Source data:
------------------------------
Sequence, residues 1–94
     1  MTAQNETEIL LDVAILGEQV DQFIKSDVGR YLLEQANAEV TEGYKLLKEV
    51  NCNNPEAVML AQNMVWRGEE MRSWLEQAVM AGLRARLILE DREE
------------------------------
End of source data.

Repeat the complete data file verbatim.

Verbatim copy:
Sequence, residues 1–94
     1  MTAQNETEIL LDVAILGEQV DQFIKSDVGR YLLEQANAEV TEGYKLLKEV
    51  NCNNPEAVML AQNMVWRGEE MRSWLEQAVM AGLRARLILE DREE